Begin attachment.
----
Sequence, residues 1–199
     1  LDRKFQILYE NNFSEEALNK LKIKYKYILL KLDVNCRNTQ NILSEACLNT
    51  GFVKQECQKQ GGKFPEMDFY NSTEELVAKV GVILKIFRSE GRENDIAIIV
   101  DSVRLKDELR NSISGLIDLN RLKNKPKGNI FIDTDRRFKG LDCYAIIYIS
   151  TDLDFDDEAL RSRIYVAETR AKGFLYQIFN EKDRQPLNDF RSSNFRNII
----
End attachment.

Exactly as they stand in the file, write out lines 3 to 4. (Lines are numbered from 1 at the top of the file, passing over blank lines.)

    51  GFVKQECQKQ GGKFPEMDFY NSTEELVAKV GVILKIFRSE GRENDIAIIV
   101  DSVRLKDELR NSISGLIDLN RLKNKPKGNI FIDTDRRFKG LDCYAIIYIS